The LIGHTING DESIGNER is a fairly new addition to the architectural team. Although usually not an engineer, this consultant will often specify all lighting and illumination criteria. He will work directly with the other consultants (architectural, structural, mechanical and electrical) to ensure that the lighting systems are properly designed, detailed and drawn.

Architectural lighting is far more than illumination however. The architectural lighting designer may be concerned with properly lighting buildings and spaces. He may be concerned with lighting levels, lighting efficiency and lighting safety. The architectural lighting designer however should also be very much concerned with the performance and well being of a human being, in an architectural space. Good lighting design always works towards solving specific criteria. Architectural lighting may provide basic 'seeability' for specific tasks, or may assist in effect, esthetics, comfort, health, safety and well being.

 The architectural lighting designer must have a complete understanding of both the physics of light and the psychological effects of light. He must be well versed with the architectural design and construction process and must be able to design responsibly within budgets.


 There are many hundreds of manufacturers around the world that specialize in the manufacture of architectural lighting fixtures. Fixtures come in all grades, shapes and sizes. Literally, thousands of different fixtures exist, for different application. Fixtures may use incandescent, fluorescent of high intensity discharge sources. H.I.D. sources are generally used where possible as they are highly efficient and have lamps with extremely long life.

 Stage lighting fixtures are seldom used for architectural lighting. Stage fixtures use 'photo' type lamps with relatively low hours, and fixtures are generally not designed for continuous operation.

Architectural lighting (as does stage lighting) uses a combination of flood and spotlight techniques. Fixtures are typically positioned as down lights, however some applications may require uplighting or side lighting for dramatic effect.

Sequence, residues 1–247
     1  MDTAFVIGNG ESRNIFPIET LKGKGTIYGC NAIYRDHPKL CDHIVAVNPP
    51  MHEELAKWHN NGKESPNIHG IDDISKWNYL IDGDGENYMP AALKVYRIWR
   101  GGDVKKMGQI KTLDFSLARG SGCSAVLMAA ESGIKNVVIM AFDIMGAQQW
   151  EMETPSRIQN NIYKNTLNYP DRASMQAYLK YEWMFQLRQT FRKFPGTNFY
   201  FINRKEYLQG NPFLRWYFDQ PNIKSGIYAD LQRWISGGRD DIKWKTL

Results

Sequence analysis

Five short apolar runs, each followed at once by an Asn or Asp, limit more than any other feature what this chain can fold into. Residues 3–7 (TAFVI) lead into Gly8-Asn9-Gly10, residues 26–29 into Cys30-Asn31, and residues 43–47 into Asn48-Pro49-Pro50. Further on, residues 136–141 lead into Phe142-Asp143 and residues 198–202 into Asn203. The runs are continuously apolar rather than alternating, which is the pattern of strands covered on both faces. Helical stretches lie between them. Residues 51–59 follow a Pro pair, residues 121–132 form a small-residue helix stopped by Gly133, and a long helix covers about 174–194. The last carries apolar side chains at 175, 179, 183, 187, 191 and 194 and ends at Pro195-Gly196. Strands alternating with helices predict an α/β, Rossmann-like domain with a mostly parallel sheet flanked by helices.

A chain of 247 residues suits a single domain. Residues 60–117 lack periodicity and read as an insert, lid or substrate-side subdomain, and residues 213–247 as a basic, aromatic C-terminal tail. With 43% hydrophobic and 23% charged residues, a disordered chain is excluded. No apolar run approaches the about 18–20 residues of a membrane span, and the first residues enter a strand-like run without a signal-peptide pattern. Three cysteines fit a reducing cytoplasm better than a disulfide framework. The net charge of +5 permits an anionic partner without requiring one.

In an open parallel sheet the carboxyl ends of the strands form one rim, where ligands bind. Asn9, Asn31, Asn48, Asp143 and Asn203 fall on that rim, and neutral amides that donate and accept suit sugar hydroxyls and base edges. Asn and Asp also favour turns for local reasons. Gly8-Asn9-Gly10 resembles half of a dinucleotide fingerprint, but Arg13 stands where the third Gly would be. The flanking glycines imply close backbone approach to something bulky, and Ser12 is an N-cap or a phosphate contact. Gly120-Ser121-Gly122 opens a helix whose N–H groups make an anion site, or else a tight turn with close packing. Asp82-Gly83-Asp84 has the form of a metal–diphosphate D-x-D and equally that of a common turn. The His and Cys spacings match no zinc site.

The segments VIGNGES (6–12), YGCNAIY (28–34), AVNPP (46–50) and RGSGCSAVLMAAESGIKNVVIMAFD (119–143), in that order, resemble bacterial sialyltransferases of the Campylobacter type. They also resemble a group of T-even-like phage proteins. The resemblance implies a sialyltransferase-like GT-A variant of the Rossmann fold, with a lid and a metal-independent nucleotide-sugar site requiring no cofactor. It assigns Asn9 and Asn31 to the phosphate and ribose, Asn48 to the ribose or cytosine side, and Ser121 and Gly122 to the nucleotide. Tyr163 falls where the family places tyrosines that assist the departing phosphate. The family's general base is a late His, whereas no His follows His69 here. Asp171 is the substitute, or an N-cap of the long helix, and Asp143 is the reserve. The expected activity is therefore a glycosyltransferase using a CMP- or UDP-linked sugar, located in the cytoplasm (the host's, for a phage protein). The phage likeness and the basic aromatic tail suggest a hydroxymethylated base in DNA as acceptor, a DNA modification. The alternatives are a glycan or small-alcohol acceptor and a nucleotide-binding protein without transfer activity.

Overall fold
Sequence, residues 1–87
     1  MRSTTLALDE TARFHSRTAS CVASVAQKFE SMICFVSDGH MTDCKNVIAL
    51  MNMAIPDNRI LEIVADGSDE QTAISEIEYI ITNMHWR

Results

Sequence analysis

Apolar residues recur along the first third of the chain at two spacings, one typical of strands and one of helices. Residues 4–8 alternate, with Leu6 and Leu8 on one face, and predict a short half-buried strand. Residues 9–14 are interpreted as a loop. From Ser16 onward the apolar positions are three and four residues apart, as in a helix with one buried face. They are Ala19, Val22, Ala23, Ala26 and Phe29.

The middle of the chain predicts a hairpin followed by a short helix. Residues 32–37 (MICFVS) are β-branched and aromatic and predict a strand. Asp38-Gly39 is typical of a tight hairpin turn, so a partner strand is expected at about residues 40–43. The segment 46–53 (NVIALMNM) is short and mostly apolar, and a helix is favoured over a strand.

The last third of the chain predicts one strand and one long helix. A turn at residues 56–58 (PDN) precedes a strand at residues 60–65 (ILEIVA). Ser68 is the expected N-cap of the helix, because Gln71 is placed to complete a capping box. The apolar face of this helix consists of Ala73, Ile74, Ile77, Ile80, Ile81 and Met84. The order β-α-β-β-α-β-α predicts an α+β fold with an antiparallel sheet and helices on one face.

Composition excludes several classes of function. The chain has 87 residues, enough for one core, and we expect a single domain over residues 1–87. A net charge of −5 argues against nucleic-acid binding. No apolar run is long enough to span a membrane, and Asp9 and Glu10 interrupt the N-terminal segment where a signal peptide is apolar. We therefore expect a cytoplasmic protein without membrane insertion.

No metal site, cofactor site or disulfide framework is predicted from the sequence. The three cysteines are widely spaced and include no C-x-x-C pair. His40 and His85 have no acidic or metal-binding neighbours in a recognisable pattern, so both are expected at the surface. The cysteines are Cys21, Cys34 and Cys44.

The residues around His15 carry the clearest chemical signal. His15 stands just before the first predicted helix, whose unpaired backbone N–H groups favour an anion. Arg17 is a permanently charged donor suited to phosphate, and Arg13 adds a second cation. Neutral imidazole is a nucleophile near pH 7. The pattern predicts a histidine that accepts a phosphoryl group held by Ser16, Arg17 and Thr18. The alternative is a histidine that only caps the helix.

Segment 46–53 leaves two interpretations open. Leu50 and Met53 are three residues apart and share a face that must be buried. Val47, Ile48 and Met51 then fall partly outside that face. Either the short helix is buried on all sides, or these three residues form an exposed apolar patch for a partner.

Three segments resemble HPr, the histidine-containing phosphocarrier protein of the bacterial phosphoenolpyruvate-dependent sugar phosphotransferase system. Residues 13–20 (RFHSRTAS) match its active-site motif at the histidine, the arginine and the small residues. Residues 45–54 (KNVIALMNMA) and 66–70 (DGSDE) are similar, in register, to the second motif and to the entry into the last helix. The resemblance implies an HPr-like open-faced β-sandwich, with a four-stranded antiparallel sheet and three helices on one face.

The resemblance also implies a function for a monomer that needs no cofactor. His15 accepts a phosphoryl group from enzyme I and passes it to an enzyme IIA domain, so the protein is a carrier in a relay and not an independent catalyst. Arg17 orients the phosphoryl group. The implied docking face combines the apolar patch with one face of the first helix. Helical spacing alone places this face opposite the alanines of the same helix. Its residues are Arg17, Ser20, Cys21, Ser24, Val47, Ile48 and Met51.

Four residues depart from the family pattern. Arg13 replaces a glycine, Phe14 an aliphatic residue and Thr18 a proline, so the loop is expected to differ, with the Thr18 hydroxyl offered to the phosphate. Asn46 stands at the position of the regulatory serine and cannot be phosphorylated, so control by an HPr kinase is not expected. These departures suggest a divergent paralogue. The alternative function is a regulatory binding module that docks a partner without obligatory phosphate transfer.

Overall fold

The art of landscape lighting usually merges with the field of architectural lighting design. The field of landscape lighting also goes hand in hand with the relatively new architectural specialty, the landscape architect.

The landscape lighting designer is responsible for large outdoor (usually) lighting designs consisting mainly of flora and foliage. Often the lighting design includes, trees, pools, bridges, paths, fountains, sculptures, benches, rest areas and much more.

The landscape lighting designer has similar goals to other lighting designers. He is often lighting for visibility, mood, atmosphere and interest, just as does the stage lighting designer for a dramatic presentation. The landscape lighting designer also usually has an additional concern in that he often must light for safety first and atmosphere and impact second.


 Most landscape lighting makes use of miniature low voltage lighting fixtures. A low voltage system is mandatory to ensure greater safety and to reduce risk from electrical shock, as the fixtures and wiring are often operated under wet conditions.

Fixtures are typically located at ground level to uplight plants and shrubs or may be placed on trees to uplight (or downlight) the trunks. Other landscape lighting fixtures include the use of illuminated bollards. These post like fixtures come in a wide variety of types and are typically used to illuminate paths, foliage or other exterior areas. Decorative lampposts, available in an unlimited number of designs are also commonly used.

Usually landscape lighting is placed on a control system that turns the system 'on' or 'off' at specific times. Alternately a system might use a photocell control, turning the system on at dusk and off at dawn.

Stage Lighting Design